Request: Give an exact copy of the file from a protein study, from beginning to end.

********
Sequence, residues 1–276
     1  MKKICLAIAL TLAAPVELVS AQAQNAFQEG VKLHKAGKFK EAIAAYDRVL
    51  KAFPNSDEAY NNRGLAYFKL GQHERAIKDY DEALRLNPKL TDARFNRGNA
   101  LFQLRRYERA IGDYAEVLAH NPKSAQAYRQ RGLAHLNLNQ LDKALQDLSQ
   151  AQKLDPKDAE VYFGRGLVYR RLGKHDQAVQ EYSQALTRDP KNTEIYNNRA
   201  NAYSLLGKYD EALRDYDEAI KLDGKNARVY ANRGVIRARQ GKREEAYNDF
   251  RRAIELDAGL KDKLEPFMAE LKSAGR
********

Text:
Sequence, residues 1–276
     1  MKKICLAIAL TLAAPVELVS AQAQNAFQEG VKLHKAGKFK EAIAAYDRVL
    51  KAFPNSDEAY NNRGLAYFKL GQHERAIKDY DEALRLNPKL TDARFNRGNA
   101  LFQLRRYERA IGDYAEVLAH NPKSAQAYRQ RGLAHLNLNQ LDKALQDLSQ
   151  AQKLDPKDAE VYFGRGLVYR RLGKHDQAVQ EYSQALTRDP KNTEIYNNRA
   201  NAYSLLGKYD EALRDYDEAI KLDGKNARVY ANRGVIRARQ GKREEAYNDF
   251  RRAIELDAGL KDKLEPFMAE LKSAGR